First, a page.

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Awareness of swimming pool suction injury among tour operators
  1. A Davison1,
  2. J W L Puntis1
  1. 1Dept of Paediatrics and Child Health, University of Leeds, The Children’s Centre, The General Infirmary at Leeds, UK
  1. Correspondence to:
    Dr J W L Puntis, Room 142, B Floor, Clarendon Wing, The General Infirmary at Leeds, Belmont Grove, Leeds LS2 9NS, UK;
  1. I K Maconochie2
  1. 2Dept of Paediatric A&E, St Mary’s Hospital, London W2 1NY, UK; i.maconochie{at}


A 6 year old girl suffered rectal prolapse after being sucked onto a swimming pool drain from which the cover had been removed. After six days in hospital she made a full recovery. The severe form of this injury may result in evisceration of small bowel, short bowel syndrome, and the need for long term parenteral nutrition. A survey of travel agents revealed a low awareness of this potentially devastating hazard, and a failure on the part of some companies to take adequate responsibility for customer safety. Preventive measures are reviewed.

  • suction injury
  • swimming pool safety

Statistics from

While on holiday in the Greek islands a 6 year old girl was sucked onto an uncovered drain as she climbed into the communal swimming pool. The drain was located on the second of the steps giving access to the water and had not had its cover replaced after routine cleaning. The force of suction was strong enough to pull her onto the drain and hold her tight, creating a vacuum, until the power to the pump was interrupted. Unfortunately, because of language difficulties and not knowing how to isolate the power supply, the girl remained stuck to the drain for several minutes. She became extremely distressed and when eventually freed, was found to have developed a mass about the size of an orange protruding from her anus. Urgent transfer to a medical facility on the Greek mainland was arranged and there followed a two and a half hour journey by hydrofoil to a major hospital. Here she underwent a computed tomography (CT) scan of the pelvis prior to manual reduction of the rectal prolapse under sedation. Five more days were spent recovering in hospital.

The pelvic CT scan showed a fluid collection outside the rectum, which at the time was thought likely to represent a bowel perforation, but was later considered to be fluid exudation from traumatised tissues. At a hospital consultation in the UK several weeks later the girl was well, although still experiencing some pain and discomfort on defaecation. The family had found the whole experience deeply upsetting, and had been referred by their general practitioner for psychological support. There have been no long lasting physical sequelae.


The most severe form of this kind of injury leads to trans-anal intestinal evisceration, of which there have been at least eight documented cases.1 The true incidence is unknown, with mild cases going unreported. In each case there is a common mechanism of injury.2 Circulation systems needed for water filtration are integral components of swimming pools and the drain outlet is fitted with a cover. However, if for some reason the cover has been removed and a child sits or is sucked onto an unprotected drain, a seal is formed with the skin of the perineum and buttocks allowing a vacuum to be created by the pump. This can result in the generation of high pressures, capable of exerting a force of up to 800 psi2 on the rectal wall. This negative pressure is transmitted to the abdominal cavity, and in severe cases causes evisceration of the small bowel through a full thickness tear in the rectum. In this situation it is common for the small intestine to be avulsed from its mesenteric attachments.1–4 In severe injury, stoma formation is the rule and in six of the eight severe cases described, loss of absorptive small bowel surface area necessitated long term parenteral nutrition.1 The frequency of suction injuries in swimming pools is thought to be increasing.3 This is probably a result of increased power of suction required to produce features such as artificial wave machines, inadequate pool security, and increased use of holiday pools in resorts where there are insufficient or inadequately trained staff. Our case lead us to explore how much the travel industry is aware of this potentially devastating injury, and to review those measures necessary for prevention.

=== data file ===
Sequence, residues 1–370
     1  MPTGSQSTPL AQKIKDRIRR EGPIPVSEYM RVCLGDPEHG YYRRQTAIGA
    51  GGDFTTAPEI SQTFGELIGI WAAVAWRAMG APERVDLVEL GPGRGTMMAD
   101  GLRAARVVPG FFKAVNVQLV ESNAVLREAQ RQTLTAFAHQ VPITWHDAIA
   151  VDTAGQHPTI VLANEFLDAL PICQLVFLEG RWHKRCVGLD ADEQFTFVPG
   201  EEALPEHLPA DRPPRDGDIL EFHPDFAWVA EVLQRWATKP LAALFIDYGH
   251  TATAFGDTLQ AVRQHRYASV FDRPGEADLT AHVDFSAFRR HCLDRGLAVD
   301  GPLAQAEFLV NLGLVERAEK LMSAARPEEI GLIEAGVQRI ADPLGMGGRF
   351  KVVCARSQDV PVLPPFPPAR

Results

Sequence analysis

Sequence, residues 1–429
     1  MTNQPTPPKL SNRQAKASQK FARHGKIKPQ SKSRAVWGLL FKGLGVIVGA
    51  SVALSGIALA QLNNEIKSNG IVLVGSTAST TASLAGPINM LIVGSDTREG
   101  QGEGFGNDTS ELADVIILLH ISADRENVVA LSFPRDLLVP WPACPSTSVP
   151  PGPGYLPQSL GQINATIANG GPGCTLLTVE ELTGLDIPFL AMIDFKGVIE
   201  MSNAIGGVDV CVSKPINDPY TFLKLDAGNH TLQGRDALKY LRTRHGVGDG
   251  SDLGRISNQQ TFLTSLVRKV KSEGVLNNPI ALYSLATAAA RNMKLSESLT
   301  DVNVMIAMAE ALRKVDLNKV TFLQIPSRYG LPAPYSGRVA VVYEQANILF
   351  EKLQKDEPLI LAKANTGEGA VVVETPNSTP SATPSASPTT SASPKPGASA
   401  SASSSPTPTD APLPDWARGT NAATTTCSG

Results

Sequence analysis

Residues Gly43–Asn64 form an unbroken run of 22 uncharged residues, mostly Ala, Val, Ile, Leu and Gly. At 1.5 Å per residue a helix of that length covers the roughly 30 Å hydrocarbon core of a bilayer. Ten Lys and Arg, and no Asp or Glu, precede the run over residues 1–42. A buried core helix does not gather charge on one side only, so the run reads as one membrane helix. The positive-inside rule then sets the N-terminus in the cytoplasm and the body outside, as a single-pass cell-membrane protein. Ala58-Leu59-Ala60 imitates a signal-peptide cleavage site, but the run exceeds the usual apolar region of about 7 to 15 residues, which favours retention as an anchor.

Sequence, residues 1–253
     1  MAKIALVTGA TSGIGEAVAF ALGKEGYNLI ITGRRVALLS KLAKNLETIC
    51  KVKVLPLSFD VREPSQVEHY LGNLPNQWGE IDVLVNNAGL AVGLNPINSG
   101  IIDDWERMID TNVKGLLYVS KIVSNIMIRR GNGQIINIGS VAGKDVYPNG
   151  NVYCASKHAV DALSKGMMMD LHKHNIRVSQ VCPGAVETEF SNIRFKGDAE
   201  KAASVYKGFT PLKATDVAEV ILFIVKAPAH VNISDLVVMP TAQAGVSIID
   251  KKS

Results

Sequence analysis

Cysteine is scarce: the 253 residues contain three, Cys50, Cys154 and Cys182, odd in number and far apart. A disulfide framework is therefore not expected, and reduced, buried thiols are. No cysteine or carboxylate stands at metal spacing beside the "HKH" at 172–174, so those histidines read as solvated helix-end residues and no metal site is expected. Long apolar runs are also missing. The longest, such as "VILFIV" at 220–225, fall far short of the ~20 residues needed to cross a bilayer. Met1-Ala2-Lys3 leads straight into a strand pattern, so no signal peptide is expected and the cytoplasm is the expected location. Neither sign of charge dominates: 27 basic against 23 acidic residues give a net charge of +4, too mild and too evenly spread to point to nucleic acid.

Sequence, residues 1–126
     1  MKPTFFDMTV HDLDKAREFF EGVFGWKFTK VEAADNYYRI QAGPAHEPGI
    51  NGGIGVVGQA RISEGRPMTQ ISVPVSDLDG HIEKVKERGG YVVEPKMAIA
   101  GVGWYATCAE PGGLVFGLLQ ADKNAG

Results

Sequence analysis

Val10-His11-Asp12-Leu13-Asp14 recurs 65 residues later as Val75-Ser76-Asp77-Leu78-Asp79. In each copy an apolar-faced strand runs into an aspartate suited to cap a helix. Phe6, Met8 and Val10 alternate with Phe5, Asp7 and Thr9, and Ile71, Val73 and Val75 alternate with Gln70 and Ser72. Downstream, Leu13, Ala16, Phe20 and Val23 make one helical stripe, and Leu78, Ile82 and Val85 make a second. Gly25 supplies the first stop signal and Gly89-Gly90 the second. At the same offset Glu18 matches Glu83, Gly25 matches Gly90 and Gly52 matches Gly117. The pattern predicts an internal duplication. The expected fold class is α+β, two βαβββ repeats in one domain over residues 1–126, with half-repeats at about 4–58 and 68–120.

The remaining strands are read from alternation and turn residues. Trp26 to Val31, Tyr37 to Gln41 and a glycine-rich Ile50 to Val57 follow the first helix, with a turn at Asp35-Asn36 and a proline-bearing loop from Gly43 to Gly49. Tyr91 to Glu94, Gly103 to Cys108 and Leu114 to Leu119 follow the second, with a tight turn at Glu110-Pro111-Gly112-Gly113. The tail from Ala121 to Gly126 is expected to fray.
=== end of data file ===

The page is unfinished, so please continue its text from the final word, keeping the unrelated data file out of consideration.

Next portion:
A list of tour operators and their telephone numbers was obtained from an up to date business directory in the city reference library. Although around a quarter of numbers were no longer in use, 42 UK companies providing holidays abroad were successfully contacted via telephone and email. At the initial telephone contact a request was made specifically to talk to a company representative responsible for swimming pool safety. Questions from a structured interview (see box) were asked regarding knowledge of suction/entrapment injuries, in addition to enquiries about specific safety checks carried out, and the presence of lifeguards in facilities used by holidaymakers. All telephone interviews were conducted by AD.